Need Money? Save Your Sick Leave
The advantages of hoarding this valuable benefit.
As promised, here’s the third in my series of columns on saving money and maximizing your retirement within the federal pay and benefits structure. This week, I’ll focus on sick leave -- with a bonus tip at the end related to pay raises.
First, it’s important to remember that in the federal government, sick leave not only provides protection of income during routine illnesses, but also serves as a form of short-term disability insurance. You earn six months of paid sick leave for every 10 years of federal service. That can be very important if you get sick or hurt and can’t work.
Your chances of being disabled at some time during your career are probably higher than you think. According to the Social Security Administration, studies show that a 20-year-old worker has a 30 percent chance of becoming disabled before reaching retirement age. Of course, the odds that any individual will be disabled before retirement depends on many factors, including age, general health and occupation.
Balance in the Bank
Federal employees are not compensated for their unused sick leave. But when you retire, the balance of your sick leave is converted to months and days of service and added to the length of service used to compute your retirement benefits. (Under the Federal Employees Retirement System, only half the sick leave balance will be credited for employees who retire before Jan. 1, 2014.)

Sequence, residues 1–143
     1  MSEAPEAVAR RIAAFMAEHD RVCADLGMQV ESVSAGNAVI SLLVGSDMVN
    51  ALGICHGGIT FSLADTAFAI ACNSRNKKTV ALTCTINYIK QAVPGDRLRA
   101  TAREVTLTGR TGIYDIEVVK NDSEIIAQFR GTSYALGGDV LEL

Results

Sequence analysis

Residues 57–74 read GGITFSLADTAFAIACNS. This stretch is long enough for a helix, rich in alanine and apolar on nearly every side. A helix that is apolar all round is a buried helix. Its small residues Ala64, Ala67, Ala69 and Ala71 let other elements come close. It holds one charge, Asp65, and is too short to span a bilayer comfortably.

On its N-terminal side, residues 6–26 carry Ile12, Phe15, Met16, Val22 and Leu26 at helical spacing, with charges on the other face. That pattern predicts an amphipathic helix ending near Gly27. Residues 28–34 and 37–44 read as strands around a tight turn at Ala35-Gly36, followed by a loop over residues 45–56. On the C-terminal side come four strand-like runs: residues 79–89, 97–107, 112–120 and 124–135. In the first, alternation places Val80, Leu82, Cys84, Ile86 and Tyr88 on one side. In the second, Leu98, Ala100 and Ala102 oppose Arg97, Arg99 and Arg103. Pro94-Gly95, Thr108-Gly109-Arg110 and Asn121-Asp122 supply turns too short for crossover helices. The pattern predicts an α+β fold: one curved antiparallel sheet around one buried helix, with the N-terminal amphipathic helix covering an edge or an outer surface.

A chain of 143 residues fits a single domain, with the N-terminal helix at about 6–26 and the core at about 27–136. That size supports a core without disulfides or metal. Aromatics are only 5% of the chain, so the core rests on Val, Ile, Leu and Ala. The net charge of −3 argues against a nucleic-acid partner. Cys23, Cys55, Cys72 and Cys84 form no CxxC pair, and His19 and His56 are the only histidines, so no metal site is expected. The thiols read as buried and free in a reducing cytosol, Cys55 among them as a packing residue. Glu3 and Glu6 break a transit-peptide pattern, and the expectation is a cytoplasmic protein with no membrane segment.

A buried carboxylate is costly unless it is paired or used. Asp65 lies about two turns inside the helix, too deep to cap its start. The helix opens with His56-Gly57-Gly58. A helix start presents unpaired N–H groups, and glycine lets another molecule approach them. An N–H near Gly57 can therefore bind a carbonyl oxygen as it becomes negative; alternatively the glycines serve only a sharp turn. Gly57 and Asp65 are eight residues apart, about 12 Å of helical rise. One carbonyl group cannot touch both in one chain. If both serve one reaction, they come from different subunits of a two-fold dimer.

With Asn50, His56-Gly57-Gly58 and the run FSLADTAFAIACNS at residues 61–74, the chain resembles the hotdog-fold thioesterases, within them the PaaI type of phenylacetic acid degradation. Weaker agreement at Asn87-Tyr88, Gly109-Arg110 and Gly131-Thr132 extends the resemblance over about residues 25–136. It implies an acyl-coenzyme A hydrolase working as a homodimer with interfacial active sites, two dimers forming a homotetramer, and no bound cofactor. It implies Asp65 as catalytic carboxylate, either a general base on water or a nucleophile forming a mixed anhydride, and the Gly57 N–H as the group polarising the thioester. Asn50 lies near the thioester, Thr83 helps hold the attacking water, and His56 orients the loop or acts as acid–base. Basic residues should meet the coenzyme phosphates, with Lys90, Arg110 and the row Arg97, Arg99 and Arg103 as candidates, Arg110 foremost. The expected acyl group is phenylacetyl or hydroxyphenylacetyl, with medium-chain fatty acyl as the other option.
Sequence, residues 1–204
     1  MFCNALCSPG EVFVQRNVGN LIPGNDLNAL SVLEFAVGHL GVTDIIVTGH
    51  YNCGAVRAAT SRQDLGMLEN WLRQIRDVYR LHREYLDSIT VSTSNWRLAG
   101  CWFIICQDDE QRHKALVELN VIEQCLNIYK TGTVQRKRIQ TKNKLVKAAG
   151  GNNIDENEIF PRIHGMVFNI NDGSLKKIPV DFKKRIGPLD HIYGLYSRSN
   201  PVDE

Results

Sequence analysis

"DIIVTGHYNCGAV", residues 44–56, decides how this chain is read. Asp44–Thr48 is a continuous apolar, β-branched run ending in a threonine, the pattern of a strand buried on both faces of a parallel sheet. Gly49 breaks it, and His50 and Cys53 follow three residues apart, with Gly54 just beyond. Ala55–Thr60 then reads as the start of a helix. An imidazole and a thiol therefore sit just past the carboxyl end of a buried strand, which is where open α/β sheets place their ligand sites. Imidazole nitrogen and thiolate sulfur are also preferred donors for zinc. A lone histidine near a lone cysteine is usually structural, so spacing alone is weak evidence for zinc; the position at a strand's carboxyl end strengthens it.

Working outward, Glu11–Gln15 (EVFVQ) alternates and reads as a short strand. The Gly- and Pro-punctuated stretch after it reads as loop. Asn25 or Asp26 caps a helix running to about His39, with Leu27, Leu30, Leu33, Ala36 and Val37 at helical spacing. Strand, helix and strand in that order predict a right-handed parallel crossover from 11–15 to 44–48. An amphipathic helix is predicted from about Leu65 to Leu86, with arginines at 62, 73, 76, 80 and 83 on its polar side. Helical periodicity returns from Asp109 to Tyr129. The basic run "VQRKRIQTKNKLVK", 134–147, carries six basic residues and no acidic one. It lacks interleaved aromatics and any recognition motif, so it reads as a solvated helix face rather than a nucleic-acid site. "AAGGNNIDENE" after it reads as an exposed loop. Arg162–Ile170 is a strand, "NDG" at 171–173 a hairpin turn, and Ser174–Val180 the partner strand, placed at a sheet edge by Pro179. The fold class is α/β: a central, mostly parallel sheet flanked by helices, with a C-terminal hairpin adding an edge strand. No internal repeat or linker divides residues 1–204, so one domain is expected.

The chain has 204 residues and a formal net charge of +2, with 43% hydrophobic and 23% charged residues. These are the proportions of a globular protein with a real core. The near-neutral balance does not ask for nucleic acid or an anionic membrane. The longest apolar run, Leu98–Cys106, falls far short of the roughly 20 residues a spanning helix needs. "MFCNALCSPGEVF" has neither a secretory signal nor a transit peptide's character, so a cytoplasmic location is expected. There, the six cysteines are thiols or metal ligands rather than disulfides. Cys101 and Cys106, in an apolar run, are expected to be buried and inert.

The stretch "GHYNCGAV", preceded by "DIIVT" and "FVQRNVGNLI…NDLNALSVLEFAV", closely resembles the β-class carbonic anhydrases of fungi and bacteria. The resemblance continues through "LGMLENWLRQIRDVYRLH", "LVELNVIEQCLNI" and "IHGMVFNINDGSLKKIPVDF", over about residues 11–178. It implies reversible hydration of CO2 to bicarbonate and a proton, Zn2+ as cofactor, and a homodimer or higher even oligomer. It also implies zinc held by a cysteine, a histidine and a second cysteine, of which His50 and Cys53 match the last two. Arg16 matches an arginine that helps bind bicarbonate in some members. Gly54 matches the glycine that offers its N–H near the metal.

Also, remember the cost you’re avoiding by accumulating sick leave. A disability insurance policy for an employee earning $60,000 a year is about $40 a month. Many insurance companies won’t sell disability insurance to federal employees since they already have coverage for short-term disabilities (through sick leave) and long-term disabilities (through federal disability retirement programs).
For more information on federal sick leave benefits, see the OPM website.
A Word on Pay
Finally, here’s a tip about a sore subject federal employees these days: pay raises. When I started writing this column in 2006, feds had just been granted annual increases ranging from 2.83 percent to 3.95 percent. Ahh, the good old days!
Although employees haven’t received a congressionally approved pay raise since 2010, many of them have received or are due a step increase or a promotion. A step increase provides approximately a 2.5 percent increase over your previous salary. There’s a 77 percent difference between steps 1 and 10 of a particular pay grade. Promotions can provide even bigger boosts in salary.
One thing to do when you get any increase in compensation is to simultaneously increase your retirement savings -- if you’re not already contributing the maximum. Or you might want to use the extra money to pay down high-interest debt, build up your emergency fund, boost your insurance coverage -- and, oh yeah, to have a little fun. You’ve earned it!
NEXT STORY: Retirement claims backlog slowly shrinks